Role of Intrapulmonary Lymph Nodes in Patients With NSCLC and Visceral Pleural Invasion
Background: Lung cancer is the leading cause of cancer related death worldwide. More than 80% of all lung tumors are Non-Small Cell Lung Cancers (NSCLC). Lymph node staging has a prognostic value and is crucial to establish the optimal treatment strategy in individual patients. It remains unknown whether dissecting the intrapulmonary lymph nodes (stations 13 and 14) is necessary for accurate staging and prognostication. Although suggested by several guidelines, these peripheral lymph nodes are not routinely examined in clinical routine for several reasons. Moreover, the prognostic significance of the visceral pleural invasion is controversial. Some studies showed a negative impact on OS and DFS in patients with histologic proved visceral pleura invasion.
The mechanism to explain this negative effect is not fully understood. Given that the visceral pleura is very rich in lymphatic vessels, with an intercommunicating "network" arranged over the lung surface and penetrating into the lung parenchyma to join the bronchial lymph vessels with drainage to the various hilar nodes, we assume that the worse OS and DFS observed in these patients could be explained with the presence of metastatic lymph nodes (Station 13-14) that are not routinely examined. Methods: This is a prospective, multicenter study based on ad-hoc created prospectively database. The incidence of N1 lymph node metastasis overall and the incidence of metastasis to the different lymph node stations (Hilar 10/11, Lobar 12, Sublobar 13/14) will be calculated by dividing the number of the respective events by the patient years separately. To investigate the association between visceral pleural invasion and the presence of metastatic lymph nodes univariate and multivariate logistic regression models will be fitted to the data.
Discussion: The primary outcome is to investigate the incidence of N1 metastases (especially stations 12,13,14) and his relationship with visceral pleural invasion. The secondary outcomes is to evaluate the impact of N1 metastases and/or visceral pleural invasion on long-term outcomes (OS and DFS) along with incidence and pattern of recurrence. DFS is defined as the time of surgical intervention to tumor recurrence or death, and OS is defined as the time of surgical intervention to death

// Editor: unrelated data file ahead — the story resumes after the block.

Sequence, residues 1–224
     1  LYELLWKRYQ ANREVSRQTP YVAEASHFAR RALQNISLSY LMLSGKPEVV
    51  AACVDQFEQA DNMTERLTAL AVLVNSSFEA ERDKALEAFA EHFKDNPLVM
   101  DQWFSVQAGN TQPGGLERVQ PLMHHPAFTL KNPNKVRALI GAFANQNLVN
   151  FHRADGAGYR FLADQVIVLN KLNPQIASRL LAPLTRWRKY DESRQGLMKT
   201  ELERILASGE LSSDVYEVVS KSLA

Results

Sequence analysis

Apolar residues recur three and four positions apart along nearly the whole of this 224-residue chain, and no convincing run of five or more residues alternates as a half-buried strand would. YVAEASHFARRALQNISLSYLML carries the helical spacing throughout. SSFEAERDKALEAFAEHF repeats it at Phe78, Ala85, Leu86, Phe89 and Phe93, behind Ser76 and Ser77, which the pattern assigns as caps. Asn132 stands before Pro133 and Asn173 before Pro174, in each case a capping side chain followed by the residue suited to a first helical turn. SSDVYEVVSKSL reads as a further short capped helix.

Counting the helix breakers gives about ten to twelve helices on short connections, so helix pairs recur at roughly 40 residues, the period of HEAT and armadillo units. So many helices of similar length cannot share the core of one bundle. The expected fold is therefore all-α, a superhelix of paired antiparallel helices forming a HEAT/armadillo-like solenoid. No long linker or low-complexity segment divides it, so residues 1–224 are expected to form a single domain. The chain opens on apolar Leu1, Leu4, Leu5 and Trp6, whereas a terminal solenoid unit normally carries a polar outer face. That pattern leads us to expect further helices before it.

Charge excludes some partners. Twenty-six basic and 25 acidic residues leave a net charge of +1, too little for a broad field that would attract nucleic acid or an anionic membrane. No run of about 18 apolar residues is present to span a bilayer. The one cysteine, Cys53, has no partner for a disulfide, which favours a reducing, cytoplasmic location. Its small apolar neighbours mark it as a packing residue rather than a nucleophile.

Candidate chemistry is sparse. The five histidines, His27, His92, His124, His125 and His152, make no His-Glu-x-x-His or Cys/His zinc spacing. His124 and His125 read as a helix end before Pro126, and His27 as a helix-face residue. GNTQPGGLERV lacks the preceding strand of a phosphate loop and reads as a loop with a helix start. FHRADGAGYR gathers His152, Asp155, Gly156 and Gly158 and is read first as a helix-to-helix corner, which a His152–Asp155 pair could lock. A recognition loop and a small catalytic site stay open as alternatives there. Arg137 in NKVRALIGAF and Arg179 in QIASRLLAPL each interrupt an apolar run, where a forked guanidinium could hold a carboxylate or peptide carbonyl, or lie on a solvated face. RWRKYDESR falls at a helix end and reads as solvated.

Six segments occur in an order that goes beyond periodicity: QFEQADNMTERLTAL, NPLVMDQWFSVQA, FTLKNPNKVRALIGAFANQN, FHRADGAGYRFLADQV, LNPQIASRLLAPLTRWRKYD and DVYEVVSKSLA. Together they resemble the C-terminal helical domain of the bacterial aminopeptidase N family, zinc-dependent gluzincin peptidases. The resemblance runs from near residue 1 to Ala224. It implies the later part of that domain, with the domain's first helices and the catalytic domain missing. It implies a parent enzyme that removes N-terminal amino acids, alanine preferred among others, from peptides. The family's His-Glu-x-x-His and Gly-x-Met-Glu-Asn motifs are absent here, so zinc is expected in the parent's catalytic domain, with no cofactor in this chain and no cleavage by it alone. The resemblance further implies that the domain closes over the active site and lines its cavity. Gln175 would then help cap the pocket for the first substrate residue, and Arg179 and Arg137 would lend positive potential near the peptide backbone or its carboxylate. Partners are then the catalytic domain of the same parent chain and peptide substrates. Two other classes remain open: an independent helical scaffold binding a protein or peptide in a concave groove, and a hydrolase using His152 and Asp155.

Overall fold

Arms and Interventions
Patients who underwent an anatomical resection for NSCLC <3 cm (lobectomy, bilobectomy, segmentectomy) with samples from the intrapulmonary stations 12, 13, and 14 lymph nodes and resection of lymph nodes station 10 and 11 during hilar separation.
Primary Outcome Measures
- N1 [January 2023-December 2024]
Overall incidence of N1 pathological lymph nodes (Hilar 10/11, Lobar 12, Sublobar 13/14)
- VPI [January 2023-December 2024]
Incidence of N1 pathological lymph nodes (Hilar 10/11, Lobar 12, Sublobar 13/14) in patients with pathological evidence of visceral pleural invasion
Secondary Outcome Measures
- OS [January 2023- December 2029]
Overall Survival (1-3-5 Years)
- DFS [January 2023-December 2029]
Disease free survival (1-3-5 Years)
- Tumor recurrence [January 2023-December 2029]
pattern : local, regional, distant
Anatomical resection for NSCLC <3 cm (lobectomy, bilobectomy, segmentectomy)
Samples from the intrapulmonary stations 12, 13, and 14 lymph nodes
Resection of lymphnodes station 10 and 11 during hilar separation.
Prior or synchronous lung cancer
Contacts and Locations
Sponsors and Collaborators
- Luzerner Kantonsspital
Study Documents (Full-Text)None provided.
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